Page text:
The other factor is that once the dust jacket of a hardback is lost, that hardback is useless to you. Students simply won’t checkout hardbacks that don’t have a dust jacket. There’s no image on the cover to entice them in, and there’s no summary blurb for them to read to know what the book is about. The book will look too old and uninteresting for them to give it a second thought. Thus, dust jacket covers protect both the shelf-life and readability of my hardback books. I also view my library as a long-term investment, and $60-90 is a cost I’m willing to pay to protect that investment when the sum total value of my hardback books is probably 3-4 times that cost, easily.
Again, just to reiterate, you will never be able to prevent the loss of all of your books. But there are a few key steps you can take to minimize a lot of potential book losses.
How you choose to do this is up to you. I’ve seen handwritten names in permanent marker, specially-made “This Book Belongs to” stamps, stickers and labels, etc. I personally prefer labels, as I can print pages out at once. Avery makes nice handy ones that are easy to pull off the sheet, so it’s fast and easy to label whole stacks of books at once. Whatever method you choose, do not skip this step! When my students leave their books laying around the school, they always find their way back into my mailbox in the staff room because the inside cover is labeled with my name. I’ve also heard stories of parents returning books to a teacher years later, when the books were discovered while cleaning out a child’s bedroom. Putting your name on those books is important.
There are several popular free online library management systems out there right now; Booksource is my personal favorite and the one I’m most familiar with. The idea is that you can catalogue your entire classroom library either through manually entering or scanning in each of your titles. Then, once that’s done, you can use that online system to check your books out to students just like a real library does. It’s easy to see at-a-glance where all your books are, and how long students have had them for. You can start leaning pretty heavily on students to return your books after they’ve had them for 3-4 months. Another benefit to this system is that when you’re at the thrift store trying to remember if you already have a copy of that book you’re holding, you can look it up on your phone and know for sure!
But I will be really honest with you and say that this process is incredibly, seriously time-consuming. I catalogued all of my books two years ago with the intention of using Booksource as my checkout system, and it had lots of great features I’ll talk more about in a future post. But then I ended up purging a ton of titles from my library at the end of the school year and acquiring even more new ones, and it was just too much to deal with scanning all the new titles in and then trying to figure out which titles were no longer in my library as I’d donated them before thinking to delete them from my inventory. If protecting the investment of your books is worth it enough to you to devote the time to implementing and up-keeping this system, then it will likely help reduce a lot of your book losses. I ultimately decided the time tradeoff just wasn’t worth it for me.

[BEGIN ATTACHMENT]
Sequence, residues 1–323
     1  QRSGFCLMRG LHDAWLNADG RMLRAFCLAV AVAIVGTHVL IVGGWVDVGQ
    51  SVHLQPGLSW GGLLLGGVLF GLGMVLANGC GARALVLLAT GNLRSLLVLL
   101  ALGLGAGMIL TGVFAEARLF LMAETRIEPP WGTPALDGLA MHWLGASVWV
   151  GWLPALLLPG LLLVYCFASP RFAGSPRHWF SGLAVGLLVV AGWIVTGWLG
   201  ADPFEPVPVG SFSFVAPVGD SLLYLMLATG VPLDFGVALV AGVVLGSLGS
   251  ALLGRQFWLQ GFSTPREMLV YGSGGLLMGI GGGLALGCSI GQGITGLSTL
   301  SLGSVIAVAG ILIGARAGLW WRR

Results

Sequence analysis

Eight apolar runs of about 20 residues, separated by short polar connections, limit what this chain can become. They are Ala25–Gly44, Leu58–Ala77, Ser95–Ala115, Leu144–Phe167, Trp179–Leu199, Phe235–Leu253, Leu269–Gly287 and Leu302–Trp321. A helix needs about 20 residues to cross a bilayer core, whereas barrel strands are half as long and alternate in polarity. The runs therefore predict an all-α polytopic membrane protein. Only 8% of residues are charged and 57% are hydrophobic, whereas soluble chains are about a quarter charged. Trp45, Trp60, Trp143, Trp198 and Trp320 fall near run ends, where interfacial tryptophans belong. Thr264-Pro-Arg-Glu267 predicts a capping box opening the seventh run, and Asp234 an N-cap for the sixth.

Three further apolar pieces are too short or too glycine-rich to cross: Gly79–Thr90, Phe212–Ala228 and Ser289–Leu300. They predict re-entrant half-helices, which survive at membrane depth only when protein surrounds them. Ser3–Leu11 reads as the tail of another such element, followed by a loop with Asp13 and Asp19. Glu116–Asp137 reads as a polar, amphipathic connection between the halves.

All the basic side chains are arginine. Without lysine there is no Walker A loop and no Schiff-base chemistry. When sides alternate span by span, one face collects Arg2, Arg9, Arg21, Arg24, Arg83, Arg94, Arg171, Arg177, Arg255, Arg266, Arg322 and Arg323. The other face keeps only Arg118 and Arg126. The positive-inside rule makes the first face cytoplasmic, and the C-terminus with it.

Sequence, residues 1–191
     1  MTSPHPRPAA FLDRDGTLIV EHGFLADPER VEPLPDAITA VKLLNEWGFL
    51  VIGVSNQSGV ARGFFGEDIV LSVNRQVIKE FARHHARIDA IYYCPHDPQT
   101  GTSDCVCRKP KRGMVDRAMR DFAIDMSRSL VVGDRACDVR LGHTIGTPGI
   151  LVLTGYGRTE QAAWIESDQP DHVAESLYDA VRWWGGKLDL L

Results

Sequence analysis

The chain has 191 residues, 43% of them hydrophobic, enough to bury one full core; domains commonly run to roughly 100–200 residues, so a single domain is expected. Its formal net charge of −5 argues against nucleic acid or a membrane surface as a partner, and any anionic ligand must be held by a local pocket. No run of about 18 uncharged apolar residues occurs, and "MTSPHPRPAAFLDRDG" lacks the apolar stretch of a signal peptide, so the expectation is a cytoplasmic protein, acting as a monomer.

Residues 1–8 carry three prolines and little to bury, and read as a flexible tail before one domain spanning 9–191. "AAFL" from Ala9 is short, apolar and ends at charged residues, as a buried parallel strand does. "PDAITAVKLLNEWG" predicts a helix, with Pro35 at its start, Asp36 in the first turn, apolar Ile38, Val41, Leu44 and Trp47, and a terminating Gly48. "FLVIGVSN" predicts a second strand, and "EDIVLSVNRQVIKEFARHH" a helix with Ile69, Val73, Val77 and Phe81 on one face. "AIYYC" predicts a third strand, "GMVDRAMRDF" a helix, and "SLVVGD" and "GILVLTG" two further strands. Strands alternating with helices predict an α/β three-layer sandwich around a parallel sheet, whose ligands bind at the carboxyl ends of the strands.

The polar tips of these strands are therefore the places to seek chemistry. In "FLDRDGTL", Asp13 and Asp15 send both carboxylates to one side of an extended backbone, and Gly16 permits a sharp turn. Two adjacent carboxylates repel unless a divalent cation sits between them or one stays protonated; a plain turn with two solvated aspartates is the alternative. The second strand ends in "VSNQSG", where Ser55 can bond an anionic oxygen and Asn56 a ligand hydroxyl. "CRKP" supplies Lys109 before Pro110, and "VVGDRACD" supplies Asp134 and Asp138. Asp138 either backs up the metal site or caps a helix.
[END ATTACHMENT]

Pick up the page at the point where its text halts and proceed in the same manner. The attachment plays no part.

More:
If an online library management system sounds too complex or time-consuming, consider doing a paper/ pencil checkout system. All you need to do is write down the date, student’s name, and book title, and you’ve got all the information you need to keep a record of where your books are at. When the book comes back, you just cross out the student’s name and write the date they returned it. Pretty simple stuff. I used a spiral-bound notebook for this, and I actually made a page for each student so I could visually see how often the student had checked out books from me or whether they’d returned everything they borrowed. It served most of the purpose I needed in terms of helping me keep track of titles and reducing the number of lost books.
While the options mentioned above won’t save all your books, it will protect the majority of them from loss by students. Remember that sometimes losing books is an inevitable part of the library experience, but when it happens, I always like to hope that either the kid loved the book so much they couldn’t bear to bring it back, or that the kid will stumble upon the book at some future point after they’ve left me and have fond memories about their time in 8th grade. Would I rather have the book back? Sure. But I’m a realist, so I’ll take what I can get.